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Utilities disconnected due to tenant non-payment in Tennessee

My tenant has been arrested for writing bad checks, has tried to sell us pain pills, and is currently being prosecuted for stealing my credit cart and purchasing $2,111.90 on it. I issued the 30 day eviction notice and the 30 days are up. She won't leave. I now have a court date to get her out. The electric company called me and said the tenants electric has been disconnected due to the tenants non-payment. (The utilities are in the tenant's name as required in the contract) They asked me if they have my permission to reconnect the power IF she pays in full including reconnection fees. They said it is my right as the land owner to deny the reconnect, so I said no--dont turn it back on . Am I doing the right thing? I know it is against the law to turn their utilities off, but I had nothing to do with it being disconnected in the first place.

I think you might be playing with fire there. Legal issues (and there may be some) aside, having the utilities turned off is bad for the rental property, especially in winter when the pipes could freeze. I would personally finish going through the eviction process and try to get them out that way.
I DID NOT have their electricity turned off. It was turned off due to their nonpayment. I only told the lady from the utility company who called me NOT TO RECONNECT since I was asked. I would NEVER cut utilities off on a tenant who has the utilities in their name --evicted or not . I agree with you though , it is probably playing with fire because all the laws seem to favor the tenant not the landlord.
Legally, I believe because the electricity is in your tenant's name in the first place; then this situation is between the electric company and the landlord. I have had tenants who have had their electricity turned off for non-payment. I have a clause in my lease, that makes it a breach not to have continual heat in order that no problems occur with damages due to the extreme cold. I do have an arrangement with the electric company to contact me to turn utitlities on. Therefore they contact me as well via mail and let me know that a ten day shut off has been issued at the property if this occurs. I do this in case a tenant skips. In answer to your question....I do not believe that this situation would come under "shutting utilites off". The tenant through non-payment has had them shut off. This is more of a failure to choose to have them turned back on. I would, however serve proper notice and start eviction IMMEDIATELY!!! Check your state for criminal procedures as well.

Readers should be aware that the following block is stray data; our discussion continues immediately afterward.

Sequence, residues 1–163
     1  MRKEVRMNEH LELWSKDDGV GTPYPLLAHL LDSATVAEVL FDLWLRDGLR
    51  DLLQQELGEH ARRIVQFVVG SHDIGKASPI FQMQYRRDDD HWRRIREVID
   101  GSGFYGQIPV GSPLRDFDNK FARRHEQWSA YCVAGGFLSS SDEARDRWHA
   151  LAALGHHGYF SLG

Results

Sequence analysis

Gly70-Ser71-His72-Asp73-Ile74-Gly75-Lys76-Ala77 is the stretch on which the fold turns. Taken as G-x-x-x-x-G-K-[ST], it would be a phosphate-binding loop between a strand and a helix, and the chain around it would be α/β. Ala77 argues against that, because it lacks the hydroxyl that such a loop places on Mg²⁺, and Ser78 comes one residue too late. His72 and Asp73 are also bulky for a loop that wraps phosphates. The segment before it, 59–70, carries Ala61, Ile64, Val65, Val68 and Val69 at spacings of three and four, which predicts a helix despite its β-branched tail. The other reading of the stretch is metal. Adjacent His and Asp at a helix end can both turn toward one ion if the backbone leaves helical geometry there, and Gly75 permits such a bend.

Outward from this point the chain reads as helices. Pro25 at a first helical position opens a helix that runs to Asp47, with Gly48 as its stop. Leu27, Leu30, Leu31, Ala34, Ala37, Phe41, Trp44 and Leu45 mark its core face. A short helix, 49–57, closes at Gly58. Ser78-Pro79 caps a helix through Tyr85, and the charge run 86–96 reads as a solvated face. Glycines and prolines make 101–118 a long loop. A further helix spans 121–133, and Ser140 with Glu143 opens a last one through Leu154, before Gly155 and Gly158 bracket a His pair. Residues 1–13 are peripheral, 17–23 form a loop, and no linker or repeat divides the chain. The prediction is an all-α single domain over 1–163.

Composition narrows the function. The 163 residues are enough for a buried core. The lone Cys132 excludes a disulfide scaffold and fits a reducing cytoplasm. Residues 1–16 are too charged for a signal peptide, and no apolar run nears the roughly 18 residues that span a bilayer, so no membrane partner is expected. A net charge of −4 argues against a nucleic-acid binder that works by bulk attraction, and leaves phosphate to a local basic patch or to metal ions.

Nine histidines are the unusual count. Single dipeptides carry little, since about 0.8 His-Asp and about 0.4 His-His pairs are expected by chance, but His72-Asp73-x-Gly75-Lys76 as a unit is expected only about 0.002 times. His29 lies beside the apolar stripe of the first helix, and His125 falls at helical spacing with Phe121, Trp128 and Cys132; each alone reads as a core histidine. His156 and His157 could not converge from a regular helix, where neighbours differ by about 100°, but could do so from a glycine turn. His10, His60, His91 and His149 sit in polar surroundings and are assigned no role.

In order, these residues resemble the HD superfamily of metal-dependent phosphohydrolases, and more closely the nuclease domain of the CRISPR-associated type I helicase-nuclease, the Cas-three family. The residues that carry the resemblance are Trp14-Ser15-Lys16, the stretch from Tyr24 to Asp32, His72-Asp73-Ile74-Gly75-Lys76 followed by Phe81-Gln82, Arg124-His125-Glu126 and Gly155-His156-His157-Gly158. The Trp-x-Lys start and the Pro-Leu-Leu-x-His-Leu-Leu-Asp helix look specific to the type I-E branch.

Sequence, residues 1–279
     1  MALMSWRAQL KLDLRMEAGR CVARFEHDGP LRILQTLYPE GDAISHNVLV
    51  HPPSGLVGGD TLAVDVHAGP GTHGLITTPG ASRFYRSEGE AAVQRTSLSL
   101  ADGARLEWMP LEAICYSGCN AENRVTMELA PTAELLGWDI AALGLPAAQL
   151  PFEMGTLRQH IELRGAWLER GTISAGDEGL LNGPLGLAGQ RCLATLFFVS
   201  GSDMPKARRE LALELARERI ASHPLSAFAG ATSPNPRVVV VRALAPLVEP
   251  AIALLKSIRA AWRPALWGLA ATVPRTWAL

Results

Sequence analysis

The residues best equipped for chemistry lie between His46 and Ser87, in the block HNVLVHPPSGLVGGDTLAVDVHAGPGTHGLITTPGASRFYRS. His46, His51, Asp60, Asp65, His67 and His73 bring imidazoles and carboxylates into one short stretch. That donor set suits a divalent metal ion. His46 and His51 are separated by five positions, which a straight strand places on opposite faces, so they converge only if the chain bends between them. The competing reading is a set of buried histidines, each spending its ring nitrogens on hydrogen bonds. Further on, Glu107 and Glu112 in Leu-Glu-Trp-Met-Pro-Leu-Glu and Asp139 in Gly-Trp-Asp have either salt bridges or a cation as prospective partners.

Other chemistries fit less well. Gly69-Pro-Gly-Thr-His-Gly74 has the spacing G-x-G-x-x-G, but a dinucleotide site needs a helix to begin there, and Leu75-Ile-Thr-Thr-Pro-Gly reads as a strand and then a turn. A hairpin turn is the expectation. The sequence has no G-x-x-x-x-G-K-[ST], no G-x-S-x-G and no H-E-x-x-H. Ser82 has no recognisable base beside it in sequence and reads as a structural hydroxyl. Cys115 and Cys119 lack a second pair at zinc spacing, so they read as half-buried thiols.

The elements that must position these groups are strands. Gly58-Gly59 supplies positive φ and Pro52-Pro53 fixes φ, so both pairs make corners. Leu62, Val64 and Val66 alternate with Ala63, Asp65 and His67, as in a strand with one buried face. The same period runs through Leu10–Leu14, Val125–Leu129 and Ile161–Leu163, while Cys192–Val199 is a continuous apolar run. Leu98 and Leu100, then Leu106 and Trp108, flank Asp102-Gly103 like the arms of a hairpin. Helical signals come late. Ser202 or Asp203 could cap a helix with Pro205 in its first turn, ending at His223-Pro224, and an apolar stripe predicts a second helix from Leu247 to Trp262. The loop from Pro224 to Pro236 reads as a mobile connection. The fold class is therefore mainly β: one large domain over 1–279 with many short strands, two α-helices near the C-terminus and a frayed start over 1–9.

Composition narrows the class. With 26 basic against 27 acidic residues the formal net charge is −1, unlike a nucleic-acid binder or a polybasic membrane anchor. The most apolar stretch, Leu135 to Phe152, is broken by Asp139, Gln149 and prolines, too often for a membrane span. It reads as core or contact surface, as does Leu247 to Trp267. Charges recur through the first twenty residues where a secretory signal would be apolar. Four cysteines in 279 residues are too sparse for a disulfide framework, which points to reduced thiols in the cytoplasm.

Thanks for all the advice, I appreciate you taking the time to help a fellow landlord. I don't know how badly I want to be a landlord anymore if I have to face many more situations like this one. What a headache!
I'm in North Central Florida with a similar situation except thatI have not been asked whether I want to have utilities and water turned on again.  Severe freezing is forcast for the next three nights.  I've had the outside fawcets drained, but have been WARNED by the tenant NOT to go inside the house without him.  Currently, he is out of town for the next few days., and he is currently not living in the house;  he wont remove his possessions.  In the past, he has refused to let me inspect the house, even for needed repairs.   I've not evicted because I don't want him/them there for 3 more months  nor the hassle/expense of doing it.  He can't turn on electricity without paying a total of@ $1200.  If I have it turned on, he will start staying there again. He thinks that he's entitled to use up his security deposit and his last month's rent to continue staying for now.  He's violated the lease in so many ways already, I feel that he has no security deposit left.  Suggestions appreciated. Mary
Most states have specific rules as to "right to entry".  In Michigan, we have to give in writing 24 hours notice to enter.  That should also be stated in any lease you have with renters.  I just evicted a tenant that I could not reach by phone or stopping by the property.  I posted a notice to enter, and advised that she please have all pets put up for my safety.  They had disabled the furnace and opened 7 windows. (Remember, this is Michigan in December)  After advice from a landlord/tenant attorney, and due to their attempt to cause damage to the property, I posted a notice to enter every day, and every day I checked the furnace.  The court date finally arrived and they were evicted.  I hope that is somewhat helpful.
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